Public health approaches to reducing the spread of COVID-19 such as social distancing, shelter-in-place orders, quarantine, telework, and remote learning have produced a sudden and widespread disruption to social networks. The observed disruptions to social networks are leading to increases in social isolation and loneliness and limited opportunities to obtain sufficient reward from day-to-day life activities. Reduced exposure to day-to- day sources of reward can lead to a hypo-reward response to conventionally rewarding stimuli and reduce an individual?s motivation to engage in activities that they usually find pleasurable. When insufficient pleasure is experienced from day-to-day life activities, some individuals may be more likely to seek out stimuli that can immediately and powerfully activate neural reward pathways. A hyper-reward response to disorder specific stimuli may develop as individuals seek out larger quantities or more frequent exposure to a limited range of intensely stimulating sources of reward. Collectively, this may produce a reward imbalance such that individuals achieve very little reward from typically enjoyable day-to-day life activities and instead achieve most of their reward from behaviors or substances that have high potential for adverse consequences. While the reward imbalance is likely a relevant maintenance factor for numerous mental health conditions, there is a strong body of literature suggesting that individuals with an eating disorders (ED) characterized predominately by binge eating experience a reward imbalance. Prior to the COVID-19 pandemic, our team began to develop a novel group-based treatment approach for transdiagnostic binge eating that we call Reward Re-Training (RRT). RRT is designed to indirectly change disordered eating behaviors by directly focusing on building a more rewarding life. RRT hypothesizes that reductions in binge eating will occur as life becomes more rewarding because individuals will no longer need to rely on binge eating as a primary source of momentary reward. RRT notes that in order to live a satisfying life, individuals need to experience an adequate amount of reward in two overlapping yet distinguishable domains: momentary reward (i.e., the active experience of pleasure in the moment) and sustained reward (i.e., a deeper and more long-lasting sense of fulfillment and meaning that arises from building a personally valued life). A key aspect of RRT is an emphasize on building lasting and meaningful social relationships given the clear evidence that social activities and social connection can enhance both momentary reward and sustained reward. In the current study, we will revise our existing 10-session group RRT treatment manual to specifically address the challenges in enhancing both momentary and sustained reward during the COVID-19 pandemic. We will conduct a small pilot RCT that will randomize individuals to receive either 10-sessions of RRT (n=30) or supportive therapy (n=30), both delivered as group-treatments via videoconferencing software, to evaluate the feasibility, acceptability, target engagement and preliminary estimates of efficacy for RRT.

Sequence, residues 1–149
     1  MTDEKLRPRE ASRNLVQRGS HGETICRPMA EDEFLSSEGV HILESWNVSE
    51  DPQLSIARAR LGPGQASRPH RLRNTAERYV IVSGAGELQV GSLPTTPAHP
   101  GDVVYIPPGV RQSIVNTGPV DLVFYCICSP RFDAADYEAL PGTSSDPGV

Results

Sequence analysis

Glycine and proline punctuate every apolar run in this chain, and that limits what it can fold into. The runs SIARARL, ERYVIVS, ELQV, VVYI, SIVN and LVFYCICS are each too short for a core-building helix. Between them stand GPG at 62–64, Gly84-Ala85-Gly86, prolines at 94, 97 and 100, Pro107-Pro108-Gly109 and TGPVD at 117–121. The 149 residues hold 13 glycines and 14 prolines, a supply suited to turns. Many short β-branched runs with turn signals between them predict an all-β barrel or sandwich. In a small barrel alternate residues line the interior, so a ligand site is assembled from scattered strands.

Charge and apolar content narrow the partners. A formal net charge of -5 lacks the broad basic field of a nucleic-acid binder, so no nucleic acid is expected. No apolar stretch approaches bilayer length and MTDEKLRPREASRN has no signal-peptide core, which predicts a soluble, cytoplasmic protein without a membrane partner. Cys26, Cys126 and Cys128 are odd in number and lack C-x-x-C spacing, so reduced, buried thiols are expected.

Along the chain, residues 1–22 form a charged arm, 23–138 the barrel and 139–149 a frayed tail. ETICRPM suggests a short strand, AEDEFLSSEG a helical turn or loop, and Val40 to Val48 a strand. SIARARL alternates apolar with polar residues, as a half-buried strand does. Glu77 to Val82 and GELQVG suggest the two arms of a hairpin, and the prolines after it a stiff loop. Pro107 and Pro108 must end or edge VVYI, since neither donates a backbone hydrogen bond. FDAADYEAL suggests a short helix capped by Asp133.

Public health approaches to reduce the spread of COVID-19 such as social distancing, shelter-in-place orders, quarantine, and telework have produced a sudden and widespread disruption to existing social networks, reducing opportunities for day-to-day sources of reward and potentially increasing engagement in maladaptive but rewarding behaviors such as binge eating. Prior to the COVID-19 pandemic, our team began to develop and pilot a novel group-based treatment approach for transdiagnostic binge eating that we call Reward Re-Training (RRT) that is 1) uniquely well-suited to increase reward experienced during day-to-day life activities and reduce excessive reward to palatable food, and thus, reduce binge eating and 2) could be easily scaled during the COVID-19 pandemic by conducting groups via videoconferencing. In the current study, we will revise our RRT treatment manual to specifically address the challenges in enhancing both momentary and sustained reward during the COVID-19 pandemic and conduct a small pilot RCT to evaluate the feasibility, acceptability, target engagement and preliminary estimates of efficacy for RRT.